Trump's Sanctions Are Proving a Bitter Pill for Iran's Sick
(Bloomberg) -- Leila Koochaki’s health has become collateral damage as the U.S. extends its economic offensive against Iran.
The 47-year-old had to contact 15 pharmacies across Tehran before she finally secured the anti-fatigue medication she takes to cope with multiple sclerosis. “I found a small drugstore that could give me a little, just two strips of 10 tablets each,” Koochaki said. “I begged them to keep it for me until I got there.”
On paper, U.S. sanctions permit Iranian purchases of humanitarian goods like medicines. To avoid accidentally triggering penalties, however, foreign drug companies and international banks are taking extra precautions even when dealing with permitted business. The new legal complications, along with panic buying and hoarding, mean some drugs are increasingly difficult to find.
Making things worse, a collapse in the rial had already pushed up prices of imported medicines and active ingredients used in locally-made generics.
The scarcities are forcing patients to make potentially life-altering decisions. “I might start taking halves or skipping doses so I don’t run out,” Koochaki said of the Modafinil tablets that keep her going.
When the U.S. increased pressure on Iran on Nov. 5, it was sanctions on critical oil exports that dominated headlines. But the penalties went much further. The Treasury sanctioned more than 700 individuals, entities, aircraft and vessels, including Iran’s central bank and many of its commercial lenders. Some of those banks lost access to the Swift international payment system -- rendering them even more toxic to overseas counterparts.
Doug Jacobson, a sanctions attorney at Jacobson Burton Kelley in Washington, said it’s becoming difficult to find foreign banks willing to do even permitted business with Iran.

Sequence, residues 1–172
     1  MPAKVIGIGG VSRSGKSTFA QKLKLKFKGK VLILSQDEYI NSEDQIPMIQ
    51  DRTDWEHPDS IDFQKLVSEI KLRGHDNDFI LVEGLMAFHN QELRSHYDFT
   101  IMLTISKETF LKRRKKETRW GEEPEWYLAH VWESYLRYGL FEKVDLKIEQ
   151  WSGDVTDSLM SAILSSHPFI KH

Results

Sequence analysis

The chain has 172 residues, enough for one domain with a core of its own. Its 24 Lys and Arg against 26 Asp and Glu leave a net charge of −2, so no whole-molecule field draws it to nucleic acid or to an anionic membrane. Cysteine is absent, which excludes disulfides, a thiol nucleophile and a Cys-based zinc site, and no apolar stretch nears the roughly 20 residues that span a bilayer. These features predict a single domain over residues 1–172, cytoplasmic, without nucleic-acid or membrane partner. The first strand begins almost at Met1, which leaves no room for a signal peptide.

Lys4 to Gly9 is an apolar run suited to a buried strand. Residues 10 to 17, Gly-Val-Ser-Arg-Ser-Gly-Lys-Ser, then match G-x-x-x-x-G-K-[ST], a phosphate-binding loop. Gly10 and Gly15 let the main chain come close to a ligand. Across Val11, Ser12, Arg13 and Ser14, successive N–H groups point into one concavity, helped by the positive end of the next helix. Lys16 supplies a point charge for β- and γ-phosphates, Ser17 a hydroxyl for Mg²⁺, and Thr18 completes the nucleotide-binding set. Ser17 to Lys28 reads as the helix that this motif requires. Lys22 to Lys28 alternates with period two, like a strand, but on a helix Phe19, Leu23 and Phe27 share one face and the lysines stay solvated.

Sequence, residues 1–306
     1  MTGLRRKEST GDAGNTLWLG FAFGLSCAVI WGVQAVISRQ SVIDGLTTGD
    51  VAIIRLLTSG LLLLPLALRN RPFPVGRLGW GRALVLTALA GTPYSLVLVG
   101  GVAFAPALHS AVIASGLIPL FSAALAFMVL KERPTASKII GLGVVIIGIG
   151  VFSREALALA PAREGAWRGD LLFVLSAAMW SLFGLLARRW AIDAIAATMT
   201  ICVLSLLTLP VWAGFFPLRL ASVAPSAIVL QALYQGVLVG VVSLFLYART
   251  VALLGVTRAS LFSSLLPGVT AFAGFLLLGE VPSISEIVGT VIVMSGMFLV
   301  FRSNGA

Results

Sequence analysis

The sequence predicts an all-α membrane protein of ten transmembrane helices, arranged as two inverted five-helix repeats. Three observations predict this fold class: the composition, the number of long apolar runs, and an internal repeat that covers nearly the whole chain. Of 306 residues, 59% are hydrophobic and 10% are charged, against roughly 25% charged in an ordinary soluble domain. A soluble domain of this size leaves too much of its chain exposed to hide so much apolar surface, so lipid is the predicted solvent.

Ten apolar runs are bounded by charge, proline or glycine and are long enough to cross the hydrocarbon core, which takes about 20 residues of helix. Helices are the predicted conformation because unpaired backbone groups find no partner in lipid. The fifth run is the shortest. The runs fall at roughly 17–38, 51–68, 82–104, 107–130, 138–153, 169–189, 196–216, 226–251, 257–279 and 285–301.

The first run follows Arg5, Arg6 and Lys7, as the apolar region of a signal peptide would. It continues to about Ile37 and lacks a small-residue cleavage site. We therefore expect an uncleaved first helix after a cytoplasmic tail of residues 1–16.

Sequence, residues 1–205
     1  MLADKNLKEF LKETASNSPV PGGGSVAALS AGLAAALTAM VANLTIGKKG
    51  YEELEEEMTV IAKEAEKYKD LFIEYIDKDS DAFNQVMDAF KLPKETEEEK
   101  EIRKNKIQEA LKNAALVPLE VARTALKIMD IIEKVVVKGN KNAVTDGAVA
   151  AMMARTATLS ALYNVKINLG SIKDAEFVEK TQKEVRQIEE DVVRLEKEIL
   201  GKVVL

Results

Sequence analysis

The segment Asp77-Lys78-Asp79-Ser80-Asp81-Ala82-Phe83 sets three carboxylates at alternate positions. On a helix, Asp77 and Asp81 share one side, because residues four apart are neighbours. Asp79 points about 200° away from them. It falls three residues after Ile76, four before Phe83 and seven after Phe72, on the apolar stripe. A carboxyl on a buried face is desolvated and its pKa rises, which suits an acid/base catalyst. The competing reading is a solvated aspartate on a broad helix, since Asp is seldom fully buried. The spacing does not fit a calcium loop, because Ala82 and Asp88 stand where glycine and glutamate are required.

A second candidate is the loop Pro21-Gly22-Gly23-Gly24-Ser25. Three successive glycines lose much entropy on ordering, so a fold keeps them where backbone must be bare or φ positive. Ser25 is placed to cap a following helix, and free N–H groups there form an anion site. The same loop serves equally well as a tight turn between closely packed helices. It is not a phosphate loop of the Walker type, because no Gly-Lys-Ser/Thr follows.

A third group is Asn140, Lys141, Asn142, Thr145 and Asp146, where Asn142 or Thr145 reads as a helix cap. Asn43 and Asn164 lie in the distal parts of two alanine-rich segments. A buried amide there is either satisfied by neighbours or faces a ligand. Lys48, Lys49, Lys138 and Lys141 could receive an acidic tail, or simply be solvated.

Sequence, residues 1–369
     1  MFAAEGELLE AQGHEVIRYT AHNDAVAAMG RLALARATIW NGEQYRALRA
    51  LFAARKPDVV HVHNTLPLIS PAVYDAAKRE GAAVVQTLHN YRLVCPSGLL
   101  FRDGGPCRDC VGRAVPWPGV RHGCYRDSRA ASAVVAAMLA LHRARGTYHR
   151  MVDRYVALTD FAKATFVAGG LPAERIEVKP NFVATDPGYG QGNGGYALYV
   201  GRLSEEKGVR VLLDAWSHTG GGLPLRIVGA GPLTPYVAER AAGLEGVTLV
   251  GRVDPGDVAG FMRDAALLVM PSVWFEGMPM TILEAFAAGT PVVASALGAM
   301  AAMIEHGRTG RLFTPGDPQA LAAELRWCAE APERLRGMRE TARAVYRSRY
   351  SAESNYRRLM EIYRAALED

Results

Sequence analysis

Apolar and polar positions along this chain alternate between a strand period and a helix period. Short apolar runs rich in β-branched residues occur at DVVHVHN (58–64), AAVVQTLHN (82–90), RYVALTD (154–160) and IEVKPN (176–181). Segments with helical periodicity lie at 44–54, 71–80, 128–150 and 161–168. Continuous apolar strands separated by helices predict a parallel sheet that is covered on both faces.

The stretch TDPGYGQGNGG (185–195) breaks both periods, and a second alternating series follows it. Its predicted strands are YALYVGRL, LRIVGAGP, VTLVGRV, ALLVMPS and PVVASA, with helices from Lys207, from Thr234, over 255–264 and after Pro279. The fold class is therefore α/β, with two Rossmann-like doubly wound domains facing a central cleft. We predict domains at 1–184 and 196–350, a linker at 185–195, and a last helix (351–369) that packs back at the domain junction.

U.S. officials say they’re “not going to sanction humanitarian payments, but banks have to make a risk-based, cost-benefit decision on whether it’s worth it for them and many are taking the position that it’s not worth it,” he said.
European drug companies contacted for this story said they continued to deal with Iran. A spokesperson for French drugmaker Sanofi, the only global pharmaceuticals firm with a production plant in the Islamic Republic, said sanctions changes didn’t affect its ability to sell medicines there. Roche said in a statement it’s “continuously assessing” the effect of penalties and remains committed to serving Iranians.
But Iran won’t be able to import drugs at pre-sanctions levels if it can’t pay for them.
Until recently, four private banks facilitated nearly all of Iran’s humanitarian trade: Parsian Bank, Middle East Bank, Saman Bank and Pasargad Bank.
In a recent tweet, Iranian Foreign Minister Mohammad Javad Zarif attached two letters he said were sent by European drug suppliers to Iranian importers terminating trade due to sanctions. Attempts to confirm the contents of the letters weren’t successful.
Iran’s Medical Council also appealed to United Nations Secretary General Antonio Guterres to take action. U.S. sanctions had “seriously affected our ability to access drugs, healthcare services, treatments and necessary medical care,” the council said, according to a copy of the letter published on its website.
Brian Hook, the State Department’s special representative for Iran policy, told reporters after the latest measures were announced that the U.S. has never targeted medicine or medical devices. The "regime’s attempts to mis-characterize these humanitarian exemptions are a pathetic effort to distract from its own corruption and mismanagement."
Under President Donald Trump, the U.S. has sought to curb Iran’s influence in the Middle East, withdrawing in May from the 2015 nuclear deal. European and other signatories back the accord as the best way to prevent Iran producing a nuclear weapon, and are seeking to maintain channels for trade and investment.
The main medication Koochaki takes now is an Iranian version of MS treatment Avonex, and a Health Ministry helpline assists her in finding supplies. For some illnesses, however, patients rely on foreign medication as local alternatives don’t exist or aren’t as effective.
“The efficacy of Iranian medicines is inadequate,” said Maziar Mostafavi, a family physician and former emergency-ward doctor. That’s partly because difficulties obtaining active ingredients over the years led some manufacturers to lower dosages, especially with antibiotics, he said. “Failures in treatment have increased.”